- Speaking of those '85 Bears -- a cast of frolicking, music-video-making revolutionaries -- Jon Gruden pointed back that far to find a comparison for his most talented Raider. Measuring a day that saw Josh Jacobs blister Carolina's defense for 139 total yards and three touchdowns, including the first score in Las Vegas Raiders lore, Gruden gushed over his rugged back, saying: "That was a little bit like Walter Payton used to play. It was hot as hell. He got beat up early. He insisted on coming back. He insisted on getting the ball as a runner and as a receiver. He's special." Jacobs showed the same powerful gallops and acceleration to the edge that made him an Offensive Rookie of the Year candidate a year ago. He's bloomed in the passing game, though, as evidenced by a 29-yard catch-and-scorch act that saw him deliver a pristine route into the belly of Carolina's defense, grab a Derek Carr dart and leave Panthers linebacker Shaq Thompson broken down beside the highway. The "Sweetness" comparison is rich, but we bask in the early days of a brewing wonder in Vegas.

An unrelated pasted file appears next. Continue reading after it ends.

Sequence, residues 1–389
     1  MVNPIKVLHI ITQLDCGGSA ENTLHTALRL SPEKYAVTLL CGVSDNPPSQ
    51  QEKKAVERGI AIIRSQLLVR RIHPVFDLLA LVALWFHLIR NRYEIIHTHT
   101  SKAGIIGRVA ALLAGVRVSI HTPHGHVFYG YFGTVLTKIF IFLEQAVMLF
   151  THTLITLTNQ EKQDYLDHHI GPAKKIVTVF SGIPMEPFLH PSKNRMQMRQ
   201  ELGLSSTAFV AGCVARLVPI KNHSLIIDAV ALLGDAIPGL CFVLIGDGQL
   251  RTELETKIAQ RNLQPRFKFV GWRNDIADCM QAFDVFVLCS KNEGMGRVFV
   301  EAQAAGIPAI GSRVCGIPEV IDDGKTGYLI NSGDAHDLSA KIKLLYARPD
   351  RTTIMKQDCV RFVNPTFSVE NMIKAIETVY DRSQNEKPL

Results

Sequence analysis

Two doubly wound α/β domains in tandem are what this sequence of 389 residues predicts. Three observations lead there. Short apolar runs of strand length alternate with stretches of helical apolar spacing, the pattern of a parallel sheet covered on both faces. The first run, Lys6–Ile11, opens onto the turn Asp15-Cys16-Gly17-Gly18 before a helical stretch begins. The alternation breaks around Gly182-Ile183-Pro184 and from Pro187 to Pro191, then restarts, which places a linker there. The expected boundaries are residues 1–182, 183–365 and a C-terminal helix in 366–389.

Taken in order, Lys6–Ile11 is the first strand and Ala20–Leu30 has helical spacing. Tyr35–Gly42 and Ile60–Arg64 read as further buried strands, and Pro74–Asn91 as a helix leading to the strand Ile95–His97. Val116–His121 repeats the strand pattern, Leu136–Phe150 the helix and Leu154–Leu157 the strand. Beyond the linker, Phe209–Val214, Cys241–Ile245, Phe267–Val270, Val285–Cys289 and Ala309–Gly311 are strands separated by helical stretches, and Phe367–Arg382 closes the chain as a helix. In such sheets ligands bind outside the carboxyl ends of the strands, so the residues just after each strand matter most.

- When Green Bay traded up in the first round of April's draft, it landed two quarterbacks. The first was rookie Jordan Love; the second was A-Fire-Lit-Under-His-Buttocks Aaron Rodgers. The first did nothing on Sunday; the second transformed an offseason of slings and arrows and sobering questions over his Packers future into a quarter-by-quarter dismantling of the Vikings. Unpacking Aa-Rod's 364 yards with four scores against a bitter division rival, I'm left pondering whether Green Bay's brain trust (A) has no idea what it's doing or (B) cunningly tapped into some sort of Tony Robbins-esque motivational technique that used the Love pick -- lodged as dark fodder in the recesses of Aaron's active brain -- to create a Sliding Doors scenario where Rodgers goes Late Period Elway and gallops into the dusk with multiple Lombardis.